The University of Hong Kong has set up its first all-gender toilet. However, it may serve more of a political purpose than provide convenience for those who use it.
The university’s student centre posted photos of the new facilities on their Facebook page last week. The washrooms are located on the rooftop of the campus’s main building near to the Centre of Development and Resources for Students (CEDARS).
The washrooms have a sign on the door saying All Gender Toilet – below, it reads: “This toilet is for everyone.” The sign features three figures – the traditional symbol for male and female with a transgender figure in between, in the colours of the rainbow.
However, a transgender lecturer at HKU said that she has been looking for the toilets, but hasn’t been able to find them. She has heard a lot about them, she said, but she hasn’t seen any signs on campus. HKFP also attempted to access the toilets, but was unable to do so.
“If there’s this hype going on around it there should be greater accessibility,” the lecturer said.
She says the toilets are a good first step, but they may not serve much practical use for her unless more are set up. The current location on the rooftop is way too far from her office and her classes, she said. “It’s just impractical.”
She said she has been using women’s bathrooms on campus for five years without incident, but she said she may use the all-gender ones in some cases, and at the beginning, just to make them visible.
“I identify as a woman, so I will likely not use the all gender or gender neutral toilets but I will likely use the women’s instead,” she said.
The lecturer said there should be all-gender or gender neutral toilets in every building, if not on every floor, and there should also be visible options for those who are non-gender conforming.
“I like the effort, but they should really keep going… it becomes pointless if it’s the only gender neutral toilet on the whole campus,” she said.
Joanne Leung, chair of LGBTI advocacy group Pink Alliance, said that it’s not the first all-gender toilet in Hong Kong, as accessible toilets for disabled people and family toilets also count. But she said “within the public sphere, so openly talking about it with this attitude, this is the first.”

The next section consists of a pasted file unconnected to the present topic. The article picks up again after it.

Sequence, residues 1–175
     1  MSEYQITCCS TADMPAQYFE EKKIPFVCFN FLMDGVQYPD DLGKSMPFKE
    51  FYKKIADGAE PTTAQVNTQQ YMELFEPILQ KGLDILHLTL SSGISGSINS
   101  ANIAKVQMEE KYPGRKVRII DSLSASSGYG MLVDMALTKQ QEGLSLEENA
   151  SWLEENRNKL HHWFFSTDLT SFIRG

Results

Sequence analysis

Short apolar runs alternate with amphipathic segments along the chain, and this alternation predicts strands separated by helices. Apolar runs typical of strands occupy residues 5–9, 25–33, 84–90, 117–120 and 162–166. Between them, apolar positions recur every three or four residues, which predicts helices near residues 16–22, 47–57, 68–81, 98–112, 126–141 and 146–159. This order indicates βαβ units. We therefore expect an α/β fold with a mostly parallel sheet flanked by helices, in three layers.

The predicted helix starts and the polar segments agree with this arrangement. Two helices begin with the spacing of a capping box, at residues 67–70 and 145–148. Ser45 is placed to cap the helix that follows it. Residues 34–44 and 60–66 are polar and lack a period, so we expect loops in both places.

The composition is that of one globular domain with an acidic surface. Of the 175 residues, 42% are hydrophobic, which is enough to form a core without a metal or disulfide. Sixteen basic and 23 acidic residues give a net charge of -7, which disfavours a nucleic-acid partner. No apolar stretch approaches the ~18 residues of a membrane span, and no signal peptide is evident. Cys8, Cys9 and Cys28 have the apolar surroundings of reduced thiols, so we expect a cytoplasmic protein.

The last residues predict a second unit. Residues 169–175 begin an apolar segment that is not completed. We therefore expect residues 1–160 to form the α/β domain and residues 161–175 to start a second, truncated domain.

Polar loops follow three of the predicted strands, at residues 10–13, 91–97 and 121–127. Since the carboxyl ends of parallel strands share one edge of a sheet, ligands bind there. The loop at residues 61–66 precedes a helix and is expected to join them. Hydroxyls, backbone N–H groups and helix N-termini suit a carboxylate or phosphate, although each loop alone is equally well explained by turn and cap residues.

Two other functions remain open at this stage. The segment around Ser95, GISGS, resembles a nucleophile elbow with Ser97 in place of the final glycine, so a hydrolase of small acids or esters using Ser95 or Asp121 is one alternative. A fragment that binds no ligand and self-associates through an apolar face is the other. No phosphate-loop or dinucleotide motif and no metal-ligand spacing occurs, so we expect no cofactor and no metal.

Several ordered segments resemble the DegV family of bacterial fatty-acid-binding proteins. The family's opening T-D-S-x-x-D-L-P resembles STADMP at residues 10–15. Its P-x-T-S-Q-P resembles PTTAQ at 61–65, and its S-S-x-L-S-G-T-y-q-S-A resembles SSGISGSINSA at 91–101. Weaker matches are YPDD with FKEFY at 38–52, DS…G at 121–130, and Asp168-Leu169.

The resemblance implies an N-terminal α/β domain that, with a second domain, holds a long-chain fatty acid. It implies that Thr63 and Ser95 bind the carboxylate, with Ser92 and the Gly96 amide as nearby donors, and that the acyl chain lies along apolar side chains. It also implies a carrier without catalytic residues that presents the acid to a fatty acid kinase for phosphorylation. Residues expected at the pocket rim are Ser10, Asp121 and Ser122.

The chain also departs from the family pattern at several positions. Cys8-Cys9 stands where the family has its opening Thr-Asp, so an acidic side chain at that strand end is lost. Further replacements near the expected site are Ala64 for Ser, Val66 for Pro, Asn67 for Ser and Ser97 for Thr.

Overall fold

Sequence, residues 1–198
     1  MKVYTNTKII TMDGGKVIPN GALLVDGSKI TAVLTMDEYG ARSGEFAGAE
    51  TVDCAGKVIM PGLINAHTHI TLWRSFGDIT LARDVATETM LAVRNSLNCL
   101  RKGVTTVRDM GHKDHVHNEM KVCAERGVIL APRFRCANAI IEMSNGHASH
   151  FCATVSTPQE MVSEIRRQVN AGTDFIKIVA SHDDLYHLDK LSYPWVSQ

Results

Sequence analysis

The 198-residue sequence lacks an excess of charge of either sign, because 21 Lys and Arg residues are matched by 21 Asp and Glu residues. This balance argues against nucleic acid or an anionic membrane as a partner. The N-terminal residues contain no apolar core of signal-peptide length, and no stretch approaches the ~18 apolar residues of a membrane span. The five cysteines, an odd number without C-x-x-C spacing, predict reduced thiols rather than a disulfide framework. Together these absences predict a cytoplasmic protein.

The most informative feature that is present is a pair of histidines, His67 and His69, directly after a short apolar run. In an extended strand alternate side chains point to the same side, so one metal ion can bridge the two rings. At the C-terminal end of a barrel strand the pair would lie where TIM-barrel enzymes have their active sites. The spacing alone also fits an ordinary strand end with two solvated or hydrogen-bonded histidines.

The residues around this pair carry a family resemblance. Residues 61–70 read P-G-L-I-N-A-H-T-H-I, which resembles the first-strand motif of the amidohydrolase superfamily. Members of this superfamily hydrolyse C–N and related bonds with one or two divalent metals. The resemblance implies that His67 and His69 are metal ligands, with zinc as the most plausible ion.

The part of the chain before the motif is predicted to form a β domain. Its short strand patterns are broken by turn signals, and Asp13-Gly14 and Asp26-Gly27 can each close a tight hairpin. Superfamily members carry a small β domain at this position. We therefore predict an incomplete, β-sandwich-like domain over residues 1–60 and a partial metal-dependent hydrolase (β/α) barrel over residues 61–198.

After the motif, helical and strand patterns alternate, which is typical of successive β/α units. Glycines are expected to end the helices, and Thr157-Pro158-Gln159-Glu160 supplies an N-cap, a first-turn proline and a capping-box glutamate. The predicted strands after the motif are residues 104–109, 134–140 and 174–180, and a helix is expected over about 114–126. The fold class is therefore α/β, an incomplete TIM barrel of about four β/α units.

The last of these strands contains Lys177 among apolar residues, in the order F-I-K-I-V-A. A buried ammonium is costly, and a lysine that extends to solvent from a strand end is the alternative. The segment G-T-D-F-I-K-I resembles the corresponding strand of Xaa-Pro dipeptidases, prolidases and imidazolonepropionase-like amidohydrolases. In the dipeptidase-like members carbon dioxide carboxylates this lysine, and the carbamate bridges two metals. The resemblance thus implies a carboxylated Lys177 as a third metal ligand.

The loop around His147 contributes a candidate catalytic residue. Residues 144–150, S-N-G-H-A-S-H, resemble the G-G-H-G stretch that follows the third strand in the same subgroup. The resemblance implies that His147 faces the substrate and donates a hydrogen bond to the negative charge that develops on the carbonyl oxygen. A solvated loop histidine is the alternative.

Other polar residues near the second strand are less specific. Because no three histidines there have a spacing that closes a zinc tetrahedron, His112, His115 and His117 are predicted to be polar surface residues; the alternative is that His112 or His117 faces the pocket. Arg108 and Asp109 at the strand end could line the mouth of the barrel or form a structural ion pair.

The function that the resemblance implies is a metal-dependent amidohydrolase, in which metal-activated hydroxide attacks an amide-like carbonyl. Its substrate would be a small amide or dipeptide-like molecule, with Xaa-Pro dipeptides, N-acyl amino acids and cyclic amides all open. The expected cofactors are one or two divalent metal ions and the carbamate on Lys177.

Leung says language is important. The toilets are called “Gender-friendly toilets” in Chinese, but they were translated to “All-Gender Toilets” in English. The term gender-friendly and the rainbow graphic denotes a political stance of supporting LGBTQ rights, she said.
However, Leung said people who are not openly transgender might be reluctant to use them because it may draw attention.
“So the function of providing convenience [for these people] may not take effect right away, but politically speaking it has a very good educational effect,” she said.
The new bathrooms and the political stance they express are good for sparking discussion, she said. For example, she says she hears from women who are wary of the concept of an all-gender bathroom, “but would they use it when there’s a line for the women’s bathroom? I think once people get used to it it’ll be fine.”
“In overseas places like the US, facilities like this have always appeared on campuses first and then influenced other public facilities,” she said.
Parental groups advocating family values have criticised the move from HKU, accusing it of using public money to promote propaganda for sexual minorities. A Facebook post by the Family School Sexual Orientation Discrimination Ordinance Concern Group took issue with the rainbow-coloured sign, saying “if these were just individual toilets built for the convenience of people with different situations and didn’t contain any brain-washing ideas, we wouldn’t oppose them.”
The sign promotes the gender spectrum – the idea that there are not only just two genders, but a continuous spectrum of possible genders, said the group. This idea is not accepted by society and conflicts with many mainstream value systems, it said in the post.
Government watchdog the Equal Opportunities Commission previously suggested setting up unisex toilets. It said the Leisure and Cultural Services department (LCSD) intended to put new signs on accessible toilets to open them to sexual minorities. However, the idea met with opposition from disability rights groups. In response, the LCSD clarified its stance, saying it will consider providing additional “universal toilets” and does not plan to alter toilets for people with disabilities.
Both Leung and the HKU academic acknowledged the work that HKU’s CEDARS has done to support the LGBT community. However, there is more that could be done, said the academic.
“HKU has done a lot for LGBT issues,” said Leung. Other universities aren’t doing a lot, so HKU is more progressive in that sense, she said.
“CEDARS claims that they provide these kinds of projects,” said the academic, “but I still don’t see enough trans or queer visibility [on campus]. Maybe we’re not doing enough, you know? Maybe we have to step back and ask ourselves: how can we fast-track the visibility of invisible voices?” she said.